Saturday, May 10, 2008

Answer Me This

Just a few things I'm wondering about, and can't come up with reasonable answers to.

1. Why do they call the last man taken in the NFL Draft "Mr. Irrelevant?" It's never made any sense to me. There are hundreds of college guys who aren't picked every year who hoped to be selected, so doesn't that make them more irrelevant? At least the last man take in the draft has the satisfaction of telling the grandkids one day that he was selected by an NFL team. They have to come up with a better name for the last guy taken than that.

2. Why do NFL writers and broadcasters insist on grading teams the day after the NFL Draft is completed? Let's face the facts, no one has any idea of how a team does in the draft until after the following season, than you can judge how good it was. Were any Patriots fans jumping for joy when their team selected a future Hall of Famer in Tom Brady? How many Chargers fans thought Ryan Leaf would be leading their team to a Super Bowl some time in the future when they picked him? (Sorry Peggy and Ken.) I find it ridiculous seeing Mel Kiper's "grades" on the bottom of the screen crawl for each team after the draft is over.

3. Why don't teams reschedule rainouts as part of doubleheaders unless they are forced to? I was listening to Chris Russo on the radio today (not against my will, BTW), and he talked about the Mets-Reds game possibly being rained out Friday, and all he talked about was the teams finding a mutual offday to reschedule the game, as the Reds don't return to NY this season. But wait, the Mets and Reds still have two games to play this weekend, so isn't a simple solution just play a doubleheader this weekend? Do they have such a fetish about not playing two games in one day that they would rather take away an offday later in the season rather than get the postponed game in this weekend? Ask most players their choice and they will say play a doubleheader now. Players really enjoy off days during the summer and I know most don't want to give them up and have to travel back to the same city to make up just one game. (The game was rained out, and saner heads prevailed and the teams played a doubleheader on Saturday. But it was that fan-gouging "day/night" one.)

4. Why do pitchers talk through their gloves when talking to catchers during breaks on the mound, but when pitching coaches come out to talk to them, the coach doesn't talk to them through his hands? Have pitchers really become that paranoid that there are lip readers all over place, and if so, how come pitching coaches haven't become just as paranoid?

5. I've never been able to figure this out. When Las Vegas gives odds on things like who will score the first TD in the Super Bowl, the most obvious or likely players to do it are ranked from anywhere from 1-2 to 20-1, but the most obscure or least-likely players (known as "the field") usually have low odds of something like 5-1. Shouldn't their odds be more like 100-1, or even higher? I'd like that explained to me.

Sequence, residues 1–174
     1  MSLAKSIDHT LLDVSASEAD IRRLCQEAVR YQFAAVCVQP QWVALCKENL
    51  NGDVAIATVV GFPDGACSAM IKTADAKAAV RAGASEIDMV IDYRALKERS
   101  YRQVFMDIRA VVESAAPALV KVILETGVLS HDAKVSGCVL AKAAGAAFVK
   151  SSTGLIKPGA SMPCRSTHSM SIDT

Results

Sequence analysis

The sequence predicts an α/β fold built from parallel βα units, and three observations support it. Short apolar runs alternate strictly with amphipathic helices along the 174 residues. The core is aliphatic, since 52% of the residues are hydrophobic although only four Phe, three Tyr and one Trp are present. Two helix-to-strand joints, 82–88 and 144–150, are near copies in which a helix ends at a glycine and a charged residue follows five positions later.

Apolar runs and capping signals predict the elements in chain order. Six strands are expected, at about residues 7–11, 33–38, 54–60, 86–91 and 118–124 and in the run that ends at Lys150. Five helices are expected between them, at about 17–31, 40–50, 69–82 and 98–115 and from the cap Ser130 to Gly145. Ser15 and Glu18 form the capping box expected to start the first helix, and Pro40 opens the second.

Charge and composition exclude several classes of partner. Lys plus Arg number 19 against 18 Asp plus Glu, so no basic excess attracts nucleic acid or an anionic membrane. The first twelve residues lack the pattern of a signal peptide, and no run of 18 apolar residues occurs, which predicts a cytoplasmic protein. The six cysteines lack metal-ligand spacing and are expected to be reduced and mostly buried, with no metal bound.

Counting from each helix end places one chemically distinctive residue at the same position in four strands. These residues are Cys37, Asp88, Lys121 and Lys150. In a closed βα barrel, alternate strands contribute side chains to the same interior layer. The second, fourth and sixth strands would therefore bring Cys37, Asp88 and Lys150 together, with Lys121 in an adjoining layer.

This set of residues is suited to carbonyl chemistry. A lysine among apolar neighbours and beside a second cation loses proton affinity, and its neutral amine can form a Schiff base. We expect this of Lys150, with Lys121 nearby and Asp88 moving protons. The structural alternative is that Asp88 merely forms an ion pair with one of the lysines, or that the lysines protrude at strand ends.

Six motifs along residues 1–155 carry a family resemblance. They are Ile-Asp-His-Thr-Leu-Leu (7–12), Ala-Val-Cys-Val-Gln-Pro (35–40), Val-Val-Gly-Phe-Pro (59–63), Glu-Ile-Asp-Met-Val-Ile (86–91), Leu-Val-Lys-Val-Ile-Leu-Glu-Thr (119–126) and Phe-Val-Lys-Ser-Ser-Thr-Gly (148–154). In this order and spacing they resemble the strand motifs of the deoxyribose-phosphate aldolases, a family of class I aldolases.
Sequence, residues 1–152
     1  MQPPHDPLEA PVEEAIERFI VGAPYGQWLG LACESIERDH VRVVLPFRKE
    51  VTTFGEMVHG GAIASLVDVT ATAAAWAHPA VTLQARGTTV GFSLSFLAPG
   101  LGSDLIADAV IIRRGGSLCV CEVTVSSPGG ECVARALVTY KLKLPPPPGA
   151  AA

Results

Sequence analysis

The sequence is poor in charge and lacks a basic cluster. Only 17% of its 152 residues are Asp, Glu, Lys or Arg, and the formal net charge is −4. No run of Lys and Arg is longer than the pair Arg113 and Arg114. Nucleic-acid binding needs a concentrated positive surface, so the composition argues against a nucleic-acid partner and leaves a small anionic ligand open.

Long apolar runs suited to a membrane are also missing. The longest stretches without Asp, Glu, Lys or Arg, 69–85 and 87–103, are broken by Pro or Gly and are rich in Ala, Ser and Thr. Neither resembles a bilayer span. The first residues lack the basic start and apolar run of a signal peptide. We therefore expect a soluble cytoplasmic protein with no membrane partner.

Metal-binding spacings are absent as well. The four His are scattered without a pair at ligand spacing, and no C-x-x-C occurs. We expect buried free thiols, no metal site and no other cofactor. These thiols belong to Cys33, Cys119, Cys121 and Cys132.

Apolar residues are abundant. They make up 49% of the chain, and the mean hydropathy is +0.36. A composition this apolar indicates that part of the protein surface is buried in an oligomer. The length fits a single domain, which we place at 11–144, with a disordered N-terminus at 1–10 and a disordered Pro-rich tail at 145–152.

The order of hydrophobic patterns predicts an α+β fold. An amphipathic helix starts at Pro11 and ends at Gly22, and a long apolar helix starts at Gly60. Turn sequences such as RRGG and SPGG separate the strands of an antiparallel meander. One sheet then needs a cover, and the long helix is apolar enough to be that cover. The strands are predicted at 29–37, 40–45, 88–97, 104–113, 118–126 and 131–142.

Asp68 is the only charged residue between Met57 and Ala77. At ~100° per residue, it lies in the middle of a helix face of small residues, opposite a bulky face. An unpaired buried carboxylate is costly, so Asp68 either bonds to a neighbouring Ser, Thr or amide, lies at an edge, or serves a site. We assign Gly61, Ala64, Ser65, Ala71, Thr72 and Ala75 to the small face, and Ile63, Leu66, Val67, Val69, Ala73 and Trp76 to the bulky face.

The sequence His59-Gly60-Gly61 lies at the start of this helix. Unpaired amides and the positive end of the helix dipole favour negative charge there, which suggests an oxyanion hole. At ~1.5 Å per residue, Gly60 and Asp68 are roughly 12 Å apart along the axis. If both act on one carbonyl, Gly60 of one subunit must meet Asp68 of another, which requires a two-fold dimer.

6. When are these silly home plate celebrations going to end when a team wins a game in so-called "walkoff" style? Good Lord, these guys act like they've just won the World Series. It's good to be excited about winning in your last turn at-bat at home, but it's getting really idiotic, as well as dangerous. Guys are beating on the hero of the night like he just declared war on them. I remember a few years ago in the minors, a guy hit a homer in the bottom of the ninth, and as his teammates were beating him up, he actually blew out his knee among all the happiness and ended up on the disabled list. When someone gets really hurt in one of these silly scrums, maybe players will finally wise up and save it for the really special times.

7. And finally, I'll end this on a classy, upscale note. In the immortal words of George Carlin, why do we say "take a leak?" You don't take a leak, you leave it!

God bless Mr. Carlin. (Even though he doesn't believe in Him.)


Jere said...

As someone who was taken to Atlantic City twice a year for family vacations growing up, I think I can explain your gambling question:

Each individual player in the field would have really high odds, like 100-1 or higher or whatever. So instead of having so many individual bets going up to astronomical odds (some of which, if they hit, could really hurt the house), they group all the players above a certain level into the field. Juts the fact that you're getting multiple players with your one bet improves the odds that you'll win, so they set the payoff lower.

(Think of it this way: If the star running back scores the first TD nine games out of ten, well, on the tenth time a direct bet on the guy who scores would be more impressive than if you'd bet 20 guys and one of them is that guy. Therefore the "field" doesn't pay you as much as betting that guy would, provided he's pretty shitty.)

And then the odds change depending on the action. The more people bet the field, the lower the payoff will be.

After reading your question again, I'm thinking maybe your confusion came from the fact that you didn't realize that when you bet someone in "the field," you get the whole field, not just the one guy. But I could be wrong.

The Omnipotent Q said...

Thanks for that explanation, Jere. I always thought "the field" meant just one individual, not everybody.

I knew there had to be a logical explanation to that. Guess I was just too blind to see it...